The Roshi turned 60 this year. He has a questioning expression, as if he is constantly smitten with curiosity. His face, with its marvelous sense of openness, looks ready to laugh, and when he exclaims, his smile cracks wide in a facial gesture of complete, joyful hilarity. He is lean and looks like he laughs a lot. Roshi was sitting on the pad commonly used in meditation; his translator sat nearby. After the typical introductions and felicitations in Japanese, we sat and passed the time. The talk in the beginning was casual, friendly, exchanging the usual pleasantries that are the frequent opening discourse in Japanese.

He said, since I was wearing this Buddhist knot on my outer lapel, was I familiar with Buddhism, perhaps a practicing Buddhist student? Did I have any questions about Zen? I asked some questions.

How did I learn about Zen? I spoke of my introduction to Zen (to his inquiry) some 25 years ago, when I first read “Zen and Japanese Culture”, by the great American Roshi, Daisetz Suzuki, who a quarter century earlier had brought the first simple teaching of Zen (or in the Chinese: Chan) Buddhism to the U.S. I indicated that my experience with this cultural expression and form of worship was electrified by the connection between the simple, shibui spirit of Zen and its visual outcomes in gardens, temple compounds, stone arrangements, sand oceans, calligraphy and painting, food, flower arrangement, swordplay and sword making, archery and sculpture. I said that I was still perhaps too preoccupied with the outcomes-the outside-and less focused on the inner spirit of Zen.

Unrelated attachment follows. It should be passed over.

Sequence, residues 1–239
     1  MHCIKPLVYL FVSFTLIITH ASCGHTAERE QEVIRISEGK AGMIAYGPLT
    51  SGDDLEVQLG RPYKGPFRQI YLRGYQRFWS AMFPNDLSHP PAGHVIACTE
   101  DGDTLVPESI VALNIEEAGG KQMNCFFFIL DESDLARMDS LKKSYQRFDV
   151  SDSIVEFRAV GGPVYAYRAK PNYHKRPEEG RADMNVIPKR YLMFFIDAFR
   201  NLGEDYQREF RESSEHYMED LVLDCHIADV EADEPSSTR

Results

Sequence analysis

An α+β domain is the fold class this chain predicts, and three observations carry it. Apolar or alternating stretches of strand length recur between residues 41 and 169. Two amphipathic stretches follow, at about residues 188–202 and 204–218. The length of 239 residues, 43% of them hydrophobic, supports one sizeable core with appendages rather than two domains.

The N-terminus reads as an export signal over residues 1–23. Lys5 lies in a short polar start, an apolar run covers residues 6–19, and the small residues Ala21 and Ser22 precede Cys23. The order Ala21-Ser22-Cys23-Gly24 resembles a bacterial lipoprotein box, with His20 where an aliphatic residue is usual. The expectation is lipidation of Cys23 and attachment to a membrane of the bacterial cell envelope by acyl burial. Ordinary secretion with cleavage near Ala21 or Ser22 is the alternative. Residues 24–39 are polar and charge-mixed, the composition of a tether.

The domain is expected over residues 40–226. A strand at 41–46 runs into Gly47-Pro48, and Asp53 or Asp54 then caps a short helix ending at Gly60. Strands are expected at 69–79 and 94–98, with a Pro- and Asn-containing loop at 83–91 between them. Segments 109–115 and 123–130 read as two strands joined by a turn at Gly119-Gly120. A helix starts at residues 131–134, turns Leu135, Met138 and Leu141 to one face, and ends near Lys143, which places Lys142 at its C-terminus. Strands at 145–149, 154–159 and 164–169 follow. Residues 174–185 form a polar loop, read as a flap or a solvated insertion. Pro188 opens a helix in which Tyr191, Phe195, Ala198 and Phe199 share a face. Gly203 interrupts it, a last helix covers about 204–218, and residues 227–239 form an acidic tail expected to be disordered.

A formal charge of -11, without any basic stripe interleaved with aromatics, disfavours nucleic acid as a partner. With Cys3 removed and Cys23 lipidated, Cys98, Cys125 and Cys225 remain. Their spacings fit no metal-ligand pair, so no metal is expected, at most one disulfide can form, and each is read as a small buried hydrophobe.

He said: “Sometimes you have to walk around the garden, maybe to be on the outside, outside of the fence, to begin to see what is inside. To take the first step to the inside, you must start on the outside.” He then gave me a piece of calligraphy, “Bamboo has joints, above and below”, which he had inscribed. What does that mean? I don’t know. (image attached) It has a tall vertical stroke, which has the feeling of a powerful piece of bamboo. Bamboo has a special place for me, as you might know, from the arrangements in the lobby, telling our story and working methods. I explained how, when I was younger, I introduced a toddler child to bamboo, all the different types, and how it grows. How it mysteriously comes out of the ground in one form, then turns into another. It is supple, yet strong. This child called me “bamboo” for years (now he’s in college in LA). He asked if I had any examples of my work, since this was part of my introduction to him.